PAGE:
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Close-up on south polar vortex
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- Title Close-up on south polar vortex
- Released 26/11/2007 10:33 am
- Copyright ESA/VIRTIS-VenusX IASF-INAF, Observatoire de Paris (G. Piccioni, IASF-INAF)
This sequence of infrared images of the venusian south polar vortex was obtained by the Visible and Infrared Thermal Imaging Spectrometer (VIRTIS) on board ESA’s Venus Express on 28 May 2006, at a distance of 66 000 km from the planet’s surface. The individual snapshots are separated by about an hour.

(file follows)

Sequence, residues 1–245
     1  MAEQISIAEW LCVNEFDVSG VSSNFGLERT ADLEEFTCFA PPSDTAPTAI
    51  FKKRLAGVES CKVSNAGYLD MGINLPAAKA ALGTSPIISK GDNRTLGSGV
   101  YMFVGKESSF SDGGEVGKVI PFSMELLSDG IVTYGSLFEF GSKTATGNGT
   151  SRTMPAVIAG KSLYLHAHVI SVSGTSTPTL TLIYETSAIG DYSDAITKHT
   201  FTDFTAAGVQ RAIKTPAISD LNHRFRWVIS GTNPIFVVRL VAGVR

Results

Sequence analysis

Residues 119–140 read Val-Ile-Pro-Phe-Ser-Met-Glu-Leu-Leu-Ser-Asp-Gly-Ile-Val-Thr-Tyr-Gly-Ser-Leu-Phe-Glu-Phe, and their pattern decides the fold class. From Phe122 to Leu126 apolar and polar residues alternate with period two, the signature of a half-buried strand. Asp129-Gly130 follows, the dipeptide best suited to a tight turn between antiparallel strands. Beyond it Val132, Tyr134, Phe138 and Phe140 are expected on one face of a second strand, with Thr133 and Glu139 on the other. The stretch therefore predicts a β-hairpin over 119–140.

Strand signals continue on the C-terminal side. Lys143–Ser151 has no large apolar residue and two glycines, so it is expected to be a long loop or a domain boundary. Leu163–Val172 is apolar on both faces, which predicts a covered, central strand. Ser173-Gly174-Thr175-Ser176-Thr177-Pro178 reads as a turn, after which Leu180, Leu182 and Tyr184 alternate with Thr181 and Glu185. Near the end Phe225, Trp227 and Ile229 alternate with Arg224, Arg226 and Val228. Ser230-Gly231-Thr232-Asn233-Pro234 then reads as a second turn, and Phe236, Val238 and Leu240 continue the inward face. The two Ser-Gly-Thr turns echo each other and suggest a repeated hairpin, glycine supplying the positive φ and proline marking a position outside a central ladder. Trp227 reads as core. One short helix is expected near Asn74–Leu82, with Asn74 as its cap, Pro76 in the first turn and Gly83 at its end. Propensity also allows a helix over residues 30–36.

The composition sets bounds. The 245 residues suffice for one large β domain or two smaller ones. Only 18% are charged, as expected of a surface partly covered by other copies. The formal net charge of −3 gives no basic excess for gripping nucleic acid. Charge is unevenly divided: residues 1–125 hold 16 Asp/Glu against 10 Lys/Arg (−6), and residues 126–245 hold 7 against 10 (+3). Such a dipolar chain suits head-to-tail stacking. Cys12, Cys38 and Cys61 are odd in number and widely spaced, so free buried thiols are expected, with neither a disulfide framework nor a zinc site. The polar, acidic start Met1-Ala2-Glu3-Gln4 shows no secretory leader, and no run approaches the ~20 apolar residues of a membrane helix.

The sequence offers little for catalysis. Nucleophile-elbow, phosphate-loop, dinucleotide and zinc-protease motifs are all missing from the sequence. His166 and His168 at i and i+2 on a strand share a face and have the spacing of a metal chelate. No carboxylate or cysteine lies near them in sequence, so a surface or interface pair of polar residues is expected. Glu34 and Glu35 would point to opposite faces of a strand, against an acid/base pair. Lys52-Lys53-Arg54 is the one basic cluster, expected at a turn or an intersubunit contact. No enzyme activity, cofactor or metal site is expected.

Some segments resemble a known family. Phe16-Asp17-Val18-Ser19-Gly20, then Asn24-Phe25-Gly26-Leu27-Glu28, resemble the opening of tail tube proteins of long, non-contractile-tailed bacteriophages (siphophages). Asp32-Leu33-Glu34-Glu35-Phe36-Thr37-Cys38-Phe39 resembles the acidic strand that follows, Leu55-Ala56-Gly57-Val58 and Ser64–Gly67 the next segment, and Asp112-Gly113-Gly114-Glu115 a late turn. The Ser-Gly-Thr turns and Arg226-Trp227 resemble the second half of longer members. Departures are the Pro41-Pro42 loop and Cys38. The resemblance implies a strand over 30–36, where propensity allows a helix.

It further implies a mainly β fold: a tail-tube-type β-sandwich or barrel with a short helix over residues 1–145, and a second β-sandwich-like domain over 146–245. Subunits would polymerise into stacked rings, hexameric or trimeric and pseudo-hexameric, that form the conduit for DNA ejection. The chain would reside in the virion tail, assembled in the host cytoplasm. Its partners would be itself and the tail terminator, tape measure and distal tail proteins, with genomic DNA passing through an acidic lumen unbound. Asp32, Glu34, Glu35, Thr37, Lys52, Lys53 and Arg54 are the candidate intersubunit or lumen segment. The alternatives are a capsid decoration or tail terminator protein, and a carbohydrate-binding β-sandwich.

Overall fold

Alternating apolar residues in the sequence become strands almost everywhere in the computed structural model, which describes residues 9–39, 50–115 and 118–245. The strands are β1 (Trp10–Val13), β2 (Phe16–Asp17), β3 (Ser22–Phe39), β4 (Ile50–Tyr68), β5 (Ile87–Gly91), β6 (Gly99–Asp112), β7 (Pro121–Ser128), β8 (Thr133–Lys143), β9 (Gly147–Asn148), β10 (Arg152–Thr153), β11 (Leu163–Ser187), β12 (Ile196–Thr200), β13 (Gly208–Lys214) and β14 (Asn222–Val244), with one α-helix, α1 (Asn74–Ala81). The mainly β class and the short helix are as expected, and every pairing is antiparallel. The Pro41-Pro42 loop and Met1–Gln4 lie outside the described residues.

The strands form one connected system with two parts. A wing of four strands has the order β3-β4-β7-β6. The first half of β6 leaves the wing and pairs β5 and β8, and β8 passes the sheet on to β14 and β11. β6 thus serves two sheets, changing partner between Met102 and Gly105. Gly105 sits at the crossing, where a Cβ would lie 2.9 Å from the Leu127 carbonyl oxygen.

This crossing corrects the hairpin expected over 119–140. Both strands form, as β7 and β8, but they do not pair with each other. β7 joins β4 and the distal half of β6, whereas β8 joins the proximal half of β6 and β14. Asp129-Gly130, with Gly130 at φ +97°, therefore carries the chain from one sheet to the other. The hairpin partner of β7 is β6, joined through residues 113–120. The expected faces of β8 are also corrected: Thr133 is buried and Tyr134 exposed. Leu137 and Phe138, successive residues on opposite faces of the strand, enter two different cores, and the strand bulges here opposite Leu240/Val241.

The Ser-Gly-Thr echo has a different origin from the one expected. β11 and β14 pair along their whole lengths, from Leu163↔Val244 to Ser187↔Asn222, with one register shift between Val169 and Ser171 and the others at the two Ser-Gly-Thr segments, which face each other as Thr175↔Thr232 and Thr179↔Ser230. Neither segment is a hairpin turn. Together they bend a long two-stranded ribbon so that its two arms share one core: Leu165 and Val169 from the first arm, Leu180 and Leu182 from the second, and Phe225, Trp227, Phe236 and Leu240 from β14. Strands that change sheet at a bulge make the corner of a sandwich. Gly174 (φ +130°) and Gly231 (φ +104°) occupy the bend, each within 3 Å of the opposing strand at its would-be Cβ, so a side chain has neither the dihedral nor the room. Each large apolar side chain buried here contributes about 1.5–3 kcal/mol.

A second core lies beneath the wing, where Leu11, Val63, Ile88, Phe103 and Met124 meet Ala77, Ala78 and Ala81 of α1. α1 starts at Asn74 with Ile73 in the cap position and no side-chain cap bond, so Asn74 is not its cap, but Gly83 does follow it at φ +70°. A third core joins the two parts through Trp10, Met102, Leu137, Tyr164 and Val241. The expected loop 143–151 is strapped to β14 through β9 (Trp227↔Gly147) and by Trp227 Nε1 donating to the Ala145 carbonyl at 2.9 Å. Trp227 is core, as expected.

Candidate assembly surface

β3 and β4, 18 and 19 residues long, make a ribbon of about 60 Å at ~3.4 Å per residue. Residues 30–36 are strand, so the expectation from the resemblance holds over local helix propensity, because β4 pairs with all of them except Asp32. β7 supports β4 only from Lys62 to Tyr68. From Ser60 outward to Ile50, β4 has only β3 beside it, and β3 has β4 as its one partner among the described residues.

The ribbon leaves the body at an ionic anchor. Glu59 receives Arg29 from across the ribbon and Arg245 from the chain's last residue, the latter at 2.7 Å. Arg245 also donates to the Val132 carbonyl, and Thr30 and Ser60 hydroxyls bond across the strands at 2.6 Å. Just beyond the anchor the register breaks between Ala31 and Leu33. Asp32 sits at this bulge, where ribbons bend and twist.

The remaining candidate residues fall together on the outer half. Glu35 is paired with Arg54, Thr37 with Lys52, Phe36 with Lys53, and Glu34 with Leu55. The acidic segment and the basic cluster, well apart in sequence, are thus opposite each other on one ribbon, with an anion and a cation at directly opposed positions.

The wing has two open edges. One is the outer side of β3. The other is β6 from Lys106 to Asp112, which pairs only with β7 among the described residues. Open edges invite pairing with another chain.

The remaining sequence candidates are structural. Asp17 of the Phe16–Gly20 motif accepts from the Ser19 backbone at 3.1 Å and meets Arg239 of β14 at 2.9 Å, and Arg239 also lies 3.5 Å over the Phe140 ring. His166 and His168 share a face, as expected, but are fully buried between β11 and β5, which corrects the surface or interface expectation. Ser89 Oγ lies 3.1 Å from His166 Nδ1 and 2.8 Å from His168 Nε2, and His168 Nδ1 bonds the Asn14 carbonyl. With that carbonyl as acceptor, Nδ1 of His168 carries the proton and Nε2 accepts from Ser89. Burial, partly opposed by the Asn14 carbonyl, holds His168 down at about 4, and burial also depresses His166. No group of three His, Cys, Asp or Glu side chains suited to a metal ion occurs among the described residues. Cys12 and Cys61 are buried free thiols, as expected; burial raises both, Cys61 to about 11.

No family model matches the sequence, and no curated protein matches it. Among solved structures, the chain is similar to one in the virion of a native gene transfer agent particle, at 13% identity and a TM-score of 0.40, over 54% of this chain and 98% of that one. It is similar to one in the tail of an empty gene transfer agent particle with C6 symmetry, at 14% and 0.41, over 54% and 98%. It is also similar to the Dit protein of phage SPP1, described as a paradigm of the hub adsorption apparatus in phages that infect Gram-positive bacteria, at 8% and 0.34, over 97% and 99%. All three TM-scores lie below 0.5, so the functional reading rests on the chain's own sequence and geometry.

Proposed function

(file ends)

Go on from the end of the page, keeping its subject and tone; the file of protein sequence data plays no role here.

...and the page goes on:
The high (spatial) resolution of these images (taken at 5.05 micrometres) provides an unprecedented detailed view of the dipole, which extends over an area of 2700 by 900 km. The main source of the radiation measured by VIRTIS comes from a layer at about 60-km altitude, where the contrast is maximum.
The red circle indicates the south pole. The ‘cold collar’, an area of the atmosphere surrounding the vortex, is coldest on the right side.